Art Students Comment on the Past

“Adorno Likes Gray” might be a strange statement taken out of context, but it fits perfectly well with the work that UCI art undergraduates displayed at the University Art Gallery’s exhibition that opened last Thursday. On display until April 19, the exhibition accompanies an undergraduate honors project that is also on display in the Room Gallery, another gallery space in the Claire Trevor School of the Arts.

As explained by fourth-year studio arts major Allie Ihm, “ ‘Adorno Likes Gray’ is this whole idea that the word ‘like’ has a lot of emphasis, in that liking something is lessening it to some degree. It becomes association rather than the artwork itself.”

Ihm is also one of the featured artists in the gallery. Her piece, titled, “Artist,” centers on a bright splash of pink in a balloon that spells out the word “artist.” However, another balloon coiled into a noose has it in its grasp.

Ihm was unable to comment on the meaning behind her piece, but there was much room left for interpretation, and such interpretation was taken from attendee Adrian Garcia, a third year art major.

“It’s really terrifying. I think you have to think about what it’s made of, which is balloon. It’s tied to this rope, and you have to think about where it is, in an art gallery. It’s an artist hanging himself; essentially, the artist dies where it’s supposed to be his home.”

Many of the attendees, in fact, were fellow colleagues, friends, and family of the artists displaying work. Another attendee, Simonne Jocic, came to support artist Garrett Hallman. Her first UCI art exhibit, she found Hallman’s piece to be more of a feeling than a look.

“I see a lot of contrasts and complexity,” she simply commented.

Hallman’s piece was another fascinatingly abstract yet intriguing set, to say the least. It was Hallman’s first piece of art on display at the University Art Gallery.

“This particular work brought me back to the work of Gertrude Stein, who was an early 20th century poet,” Hallman explained.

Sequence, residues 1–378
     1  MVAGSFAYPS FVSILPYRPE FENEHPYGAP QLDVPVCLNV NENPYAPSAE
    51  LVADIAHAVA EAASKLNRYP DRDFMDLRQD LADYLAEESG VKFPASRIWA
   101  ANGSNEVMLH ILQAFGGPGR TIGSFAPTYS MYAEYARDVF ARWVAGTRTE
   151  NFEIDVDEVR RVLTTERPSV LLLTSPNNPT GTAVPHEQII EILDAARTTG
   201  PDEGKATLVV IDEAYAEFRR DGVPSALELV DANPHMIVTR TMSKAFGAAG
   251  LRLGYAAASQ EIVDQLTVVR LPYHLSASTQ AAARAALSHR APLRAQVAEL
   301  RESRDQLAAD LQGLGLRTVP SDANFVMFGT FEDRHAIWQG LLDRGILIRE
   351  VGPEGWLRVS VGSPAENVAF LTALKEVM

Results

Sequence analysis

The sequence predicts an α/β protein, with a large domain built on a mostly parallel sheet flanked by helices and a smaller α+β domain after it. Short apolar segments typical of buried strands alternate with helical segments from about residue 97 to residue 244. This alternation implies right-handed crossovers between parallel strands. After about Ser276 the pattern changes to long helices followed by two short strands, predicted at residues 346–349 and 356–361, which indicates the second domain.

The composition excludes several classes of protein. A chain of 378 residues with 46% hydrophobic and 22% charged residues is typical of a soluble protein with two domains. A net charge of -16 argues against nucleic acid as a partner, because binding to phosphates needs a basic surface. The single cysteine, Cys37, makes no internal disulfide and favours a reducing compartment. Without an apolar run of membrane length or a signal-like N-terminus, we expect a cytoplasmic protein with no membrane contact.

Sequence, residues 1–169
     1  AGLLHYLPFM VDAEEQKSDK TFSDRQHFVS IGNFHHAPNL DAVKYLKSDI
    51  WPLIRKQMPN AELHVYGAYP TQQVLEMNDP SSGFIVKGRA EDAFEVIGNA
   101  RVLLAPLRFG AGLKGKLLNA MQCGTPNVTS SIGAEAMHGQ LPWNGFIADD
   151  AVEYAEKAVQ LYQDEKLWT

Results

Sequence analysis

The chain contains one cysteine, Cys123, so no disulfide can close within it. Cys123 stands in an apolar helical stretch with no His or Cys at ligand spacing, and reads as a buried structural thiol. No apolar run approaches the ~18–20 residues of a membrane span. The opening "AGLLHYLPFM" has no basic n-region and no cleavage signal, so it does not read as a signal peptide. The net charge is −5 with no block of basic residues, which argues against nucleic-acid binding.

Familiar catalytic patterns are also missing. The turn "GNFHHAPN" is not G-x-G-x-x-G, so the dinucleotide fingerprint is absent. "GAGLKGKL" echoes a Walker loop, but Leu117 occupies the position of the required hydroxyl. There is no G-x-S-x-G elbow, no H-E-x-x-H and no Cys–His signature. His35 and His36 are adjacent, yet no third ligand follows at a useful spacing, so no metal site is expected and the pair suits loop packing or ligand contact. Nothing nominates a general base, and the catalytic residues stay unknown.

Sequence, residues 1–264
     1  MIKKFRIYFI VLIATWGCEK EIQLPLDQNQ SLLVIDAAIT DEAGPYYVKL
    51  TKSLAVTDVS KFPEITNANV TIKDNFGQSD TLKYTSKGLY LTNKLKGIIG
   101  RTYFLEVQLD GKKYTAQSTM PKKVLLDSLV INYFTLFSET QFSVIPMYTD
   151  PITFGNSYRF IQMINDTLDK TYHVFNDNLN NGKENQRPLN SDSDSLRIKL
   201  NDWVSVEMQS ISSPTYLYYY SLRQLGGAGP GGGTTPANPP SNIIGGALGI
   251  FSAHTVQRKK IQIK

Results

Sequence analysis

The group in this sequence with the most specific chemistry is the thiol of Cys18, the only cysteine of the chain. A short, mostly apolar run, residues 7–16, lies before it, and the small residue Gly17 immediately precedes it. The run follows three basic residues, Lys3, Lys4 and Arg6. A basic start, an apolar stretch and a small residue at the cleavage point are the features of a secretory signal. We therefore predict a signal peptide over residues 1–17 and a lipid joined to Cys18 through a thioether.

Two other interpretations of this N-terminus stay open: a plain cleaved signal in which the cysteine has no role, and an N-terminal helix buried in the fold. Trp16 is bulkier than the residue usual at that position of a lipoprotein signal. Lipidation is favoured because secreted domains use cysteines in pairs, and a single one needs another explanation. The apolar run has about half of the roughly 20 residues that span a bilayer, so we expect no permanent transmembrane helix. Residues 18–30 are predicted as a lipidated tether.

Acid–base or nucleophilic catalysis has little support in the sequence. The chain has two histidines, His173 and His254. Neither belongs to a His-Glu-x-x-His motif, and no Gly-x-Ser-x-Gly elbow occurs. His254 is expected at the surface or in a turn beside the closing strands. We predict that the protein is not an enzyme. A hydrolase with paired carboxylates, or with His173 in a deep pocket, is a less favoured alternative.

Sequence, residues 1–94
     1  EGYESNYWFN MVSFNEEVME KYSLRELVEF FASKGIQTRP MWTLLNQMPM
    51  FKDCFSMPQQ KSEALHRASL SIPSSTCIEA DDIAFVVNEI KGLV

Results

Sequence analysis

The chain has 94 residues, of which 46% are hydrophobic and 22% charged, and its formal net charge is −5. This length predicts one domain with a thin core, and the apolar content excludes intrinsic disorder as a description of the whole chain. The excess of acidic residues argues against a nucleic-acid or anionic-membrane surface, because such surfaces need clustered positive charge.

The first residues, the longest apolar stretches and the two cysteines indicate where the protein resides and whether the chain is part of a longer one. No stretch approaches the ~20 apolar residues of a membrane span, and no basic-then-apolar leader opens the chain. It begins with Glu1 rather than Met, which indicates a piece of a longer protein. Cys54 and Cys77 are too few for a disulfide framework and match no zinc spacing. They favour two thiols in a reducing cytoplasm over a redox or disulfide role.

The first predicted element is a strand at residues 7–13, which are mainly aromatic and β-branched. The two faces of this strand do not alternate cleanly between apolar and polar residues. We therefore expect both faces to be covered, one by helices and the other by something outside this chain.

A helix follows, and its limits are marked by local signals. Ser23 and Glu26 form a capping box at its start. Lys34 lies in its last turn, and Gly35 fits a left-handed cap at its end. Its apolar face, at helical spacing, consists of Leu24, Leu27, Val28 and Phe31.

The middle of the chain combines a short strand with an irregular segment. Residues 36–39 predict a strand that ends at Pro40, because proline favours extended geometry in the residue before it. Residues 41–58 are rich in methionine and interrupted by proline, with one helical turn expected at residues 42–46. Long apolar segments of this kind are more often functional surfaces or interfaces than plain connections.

“A lot of her work dealt with the combination of words together, and working with words as they were, and seeing how their combinations would create meaning. I was always struck by how interesting some of her words were when put together.”

Gertrude Stein’s work inspired him to create “A Novel of Ands,” which is what his piece is titled.

A clear sheet of plastic with gold spray-painted polka dots on it lies near a wooden dowel and various pillows with dried clay molds resting upon them.

“Structurally, I was really interested in the relationship between materials and objects and arrangement. It [the objects] kind of functions like a still life, and these clusters of objects interact with each other.”

However, Hallman did not necessarily target a constructed meaning with the placement of such objects.

“I think I was not as interested as much in putting meaning into the objects but rather letting the objects create meaning among one other. I was mostly interested in the touch. The ceramic pieces are very gestural and create dimples and creases in the pillows. I feel like there isn’t one meaning that is going across but there are multiple subjects coming across. I feel like there’s a large conversation between all of them. It’s discursive. It goes from subject to subject to subject: “and” and “and” and “and.”


“Adorno Likes Gray” will be available for viewing Tuesday-Saturday from 12-6 p.m. until April 19.